PubDate: Oct. 2017
Issue No: Vol. 55, No. 10 (2017)

• InSAR Time-Series Estimation of the Ionospheric Phase Delay: An Extension
of the Split Range-Spectrum Technique
• Authors: Heresh Fattahi;Mark Simons;Piyush Agram;
Pages: 5984 - 5996
Abstract: Repeat pass interferometric synthetic aperture radar (InSAR) observations may be significantly impacted by the propagation delay of the microwave signal through the ionosphere, which is commonly referred to as ionospheric delay. The dispersive character of the ionosphere at microwave frequencies allows one to estimate the ionospheric delay from InSAR data through a split range-spectrum technique. Here, we extend the existing split range-spectrum technique to InSAR time-series. We present an algorithm for estimating a time-series of ionospheric phase delay that is useful for correcting InSAR time-series of ground surface displacement or for evaluating the spatial and temporal variations of the ionosphere's total electron content (TEC). Experimental results from stacks of L-band SAR data acquired by the ALOS-1 Japanese satellite show significant ionospheric phase delay equivalent to 2 m of the temporal variation of InSAR time-series along 445 km in Chile, a region at low latitudes where large TEC variations are common. The observed delay is significantly smaller, with a maximum of 10 cm over 160 km, in California. The estimation and correction of ionospheric delay reduces the temporal variation of the InSAR time-series to centimeter levels in Chile. The ionospheric delay correction of the InSAR time-series reveals earthquake-induced ground displacement, which otherwise could not be detected. A comparison with independent GPS time-series demonstrates an order of magnitude reduction in the root mean square difference between GPS and InSAR after correcting for ionospheric delay. The results show that the presented algorithm significantly improves the accuracy of InSAR time-series and should become a routine component of InSAR time-series analysis.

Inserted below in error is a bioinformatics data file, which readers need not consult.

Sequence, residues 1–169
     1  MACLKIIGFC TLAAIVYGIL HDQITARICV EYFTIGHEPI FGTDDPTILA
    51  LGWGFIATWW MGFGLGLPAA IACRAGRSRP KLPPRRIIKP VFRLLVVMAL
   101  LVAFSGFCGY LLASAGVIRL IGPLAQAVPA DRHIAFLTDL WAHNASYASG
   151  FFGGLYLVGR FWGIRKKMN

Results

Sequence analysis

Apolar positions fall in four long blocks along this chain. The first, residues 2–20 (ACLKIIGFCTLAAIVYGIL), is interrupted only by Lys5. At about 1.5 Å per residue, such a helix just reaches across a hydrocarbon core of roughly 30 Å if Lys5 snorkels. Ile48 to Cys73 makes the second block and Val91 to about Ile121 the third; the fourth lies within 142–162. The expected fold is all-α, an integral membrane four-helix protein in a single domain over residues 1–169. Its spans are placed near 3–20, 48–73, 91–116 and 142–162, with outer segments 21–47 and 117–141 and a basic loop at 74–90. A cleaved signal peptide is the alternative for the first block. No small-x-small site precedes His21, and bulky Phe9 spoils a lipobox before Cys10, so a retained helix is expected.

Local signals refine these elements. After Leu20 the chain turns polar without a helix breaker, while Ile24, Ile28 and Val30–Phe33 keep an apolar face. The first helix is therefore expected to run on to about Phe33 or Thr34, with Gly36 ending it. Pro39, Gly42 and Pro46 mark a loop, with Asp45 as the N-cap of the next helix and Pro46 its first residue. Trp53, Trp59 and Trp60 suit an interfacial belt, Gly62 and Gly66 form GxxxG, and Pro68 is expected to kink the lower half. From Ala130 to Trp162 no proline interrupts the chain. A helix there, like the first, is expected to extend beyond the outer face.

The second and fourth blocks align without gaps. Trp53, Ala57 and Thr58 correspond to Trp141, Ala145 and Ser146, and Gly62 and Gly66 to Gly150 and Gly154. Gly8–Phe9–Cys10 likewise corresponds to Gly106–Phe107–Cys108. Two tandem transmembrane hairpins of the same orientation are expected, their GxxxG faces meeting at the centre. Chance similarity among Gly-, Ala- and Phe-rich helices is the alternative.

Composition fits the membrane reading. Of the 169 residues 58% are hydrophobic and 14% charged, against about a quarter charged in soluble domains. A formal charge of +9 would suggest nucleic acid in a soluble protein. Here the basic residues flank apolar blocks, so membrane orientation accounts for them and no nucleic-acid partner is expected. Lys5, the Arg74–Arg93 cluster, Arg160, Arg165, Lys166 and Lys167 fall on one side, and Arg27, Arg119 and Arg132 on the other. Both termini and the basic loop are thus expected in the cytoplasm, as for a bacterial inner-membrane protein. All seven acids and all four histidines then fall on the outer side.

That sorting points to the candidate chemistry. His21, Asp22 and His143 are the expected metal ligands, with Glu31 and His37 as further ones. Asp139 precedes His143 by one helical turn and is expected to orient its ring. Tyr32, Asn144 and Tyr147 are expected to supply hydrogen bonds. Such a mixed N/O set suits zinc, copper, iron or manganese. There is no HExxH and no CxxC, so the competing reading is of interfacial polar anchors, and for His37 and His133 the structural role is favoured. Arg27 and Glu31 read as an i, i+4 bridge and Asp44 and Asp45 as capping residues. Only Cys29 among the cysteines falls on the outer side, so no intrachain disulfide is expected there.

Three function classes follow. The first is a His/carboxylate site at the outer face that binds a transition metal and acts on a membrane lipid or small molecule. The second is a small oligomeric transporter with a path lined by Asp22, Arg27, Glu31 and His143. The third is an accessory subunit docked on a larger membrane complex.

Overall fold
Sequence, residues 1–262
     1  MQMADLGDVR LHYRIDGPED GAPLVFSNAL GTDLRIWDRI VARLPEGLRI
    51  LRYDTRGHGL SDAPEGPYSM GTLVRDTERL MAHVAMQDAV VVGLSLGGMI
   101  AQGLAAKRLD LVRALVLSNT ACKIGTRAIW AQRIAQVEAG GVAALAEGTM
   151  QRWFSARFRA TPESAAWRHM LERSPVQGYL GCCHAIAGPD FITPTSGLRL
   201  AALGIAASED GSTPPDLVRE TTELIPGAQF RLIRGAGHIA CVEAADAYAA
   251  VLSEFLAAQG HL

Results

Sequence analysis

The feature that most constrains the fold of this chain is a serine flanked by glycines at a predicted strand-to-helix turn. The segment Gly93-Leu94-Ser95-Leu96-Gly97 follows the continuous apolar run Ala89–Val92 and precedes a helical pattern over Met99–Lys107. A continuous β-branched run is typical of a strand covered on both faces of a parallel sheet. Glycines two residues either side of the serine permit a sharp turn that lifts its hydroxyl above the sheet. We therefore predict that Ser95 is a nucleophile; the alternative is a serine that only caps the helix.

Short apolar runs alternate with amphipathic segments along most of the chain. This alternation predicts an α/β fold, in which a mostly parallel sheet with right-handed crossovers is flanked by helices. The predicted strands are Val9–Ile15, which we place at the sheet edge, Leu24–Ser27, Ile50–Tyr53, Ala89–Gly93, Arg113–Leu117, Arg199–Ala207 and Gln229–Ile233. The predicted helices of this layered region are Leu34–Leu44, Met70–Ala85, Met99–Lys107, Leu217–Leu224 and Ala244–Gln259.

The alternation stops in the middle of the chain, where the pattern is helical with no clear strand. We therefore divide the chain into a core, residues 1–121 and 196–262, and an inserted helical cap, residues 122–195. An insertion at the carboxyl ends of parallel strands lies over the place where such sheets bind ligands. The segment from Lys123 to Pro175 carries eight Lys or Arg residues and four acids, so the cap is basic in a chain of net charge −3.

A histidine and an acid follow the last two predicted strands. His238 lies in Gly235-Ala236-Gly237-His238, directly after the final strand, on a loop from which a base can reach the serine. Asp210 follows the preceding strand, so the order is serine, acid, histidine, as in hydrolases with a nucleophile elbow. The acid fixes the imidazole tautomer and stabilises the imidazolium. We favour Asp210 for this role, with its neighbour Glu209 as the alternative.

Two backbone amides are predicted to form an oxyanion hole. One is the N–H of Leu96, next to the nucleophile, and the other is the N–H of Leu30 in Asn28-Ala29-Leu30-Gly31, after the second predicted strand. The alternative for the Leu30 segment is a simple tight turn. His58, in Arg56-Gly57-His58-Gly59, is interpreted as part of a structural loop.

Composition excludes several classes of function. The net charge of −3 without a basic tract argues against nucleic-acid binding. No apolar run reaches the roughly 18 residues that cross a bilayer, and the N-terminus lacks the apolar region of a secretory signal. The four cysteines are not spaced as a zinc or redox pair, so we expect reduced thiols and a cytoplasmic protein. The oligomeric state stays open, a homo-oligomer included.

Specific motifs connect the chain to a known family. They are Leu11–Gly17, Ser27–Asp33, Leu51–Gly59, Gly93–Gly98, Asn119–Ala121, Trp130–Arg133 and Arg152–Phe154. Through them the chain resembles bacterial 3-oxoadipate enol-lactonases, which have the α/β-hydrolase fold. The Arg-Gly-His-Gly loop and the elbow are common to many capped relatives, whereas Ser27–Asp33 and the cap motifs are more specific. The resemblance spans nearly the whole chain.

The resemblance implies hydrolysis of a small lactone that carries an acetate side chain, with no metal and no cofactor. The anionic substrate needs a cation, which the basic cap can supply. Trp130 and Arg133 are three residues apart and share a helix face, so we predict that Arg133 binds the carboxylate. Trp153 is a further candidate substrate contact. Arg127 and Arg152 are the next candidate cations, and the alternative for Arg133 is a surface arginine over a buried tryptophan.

PubDate: Oct. 2017
Issue No: Vol. 55, No. 10 (2017)

• Hyperspectral and Multispectral Image Fusion Based on Local Low Rank and
Coupled Spectral Unmixing
• Authors: Yuan Zhou;Liyang Feng;Chunping Hou;Sun-Yuan Kung;
Pages: 5997 - 6009
Abstract: Hyperspectral images (HSIs) usually have high spectral and low spatial resolution. Conversely, multispectral images (MSIs) usually have low spectral and high spatial resolution. The fusion of HSI and MSI aims to create spectral images with high spectral and spatial resolution. In this paper, we propose a fusion algorithm by combining linear spectral unmixing with the local low-rank property. By taking advantage of the local low-rank property, we first partition the corresponding spectral image into patches. For each patch pair, we cast the fusion problem as a coupled spectral unmixing problem that extracts the abundance and the endmembers of MSI and HSI, respectively. It then updates the abundance and the endmember through an alternating update algorithm. In fact, the convergence of the alternative update algorithm can be mathematically and empirically supported. We also propose a multiscale postprocessing procedure to combine fusion results obtained under different patch sizes. In experiments on three data sets, the proposed fusion algorithms outperformed state-of-the-art fusion algorithms in both spatial and spectral domains.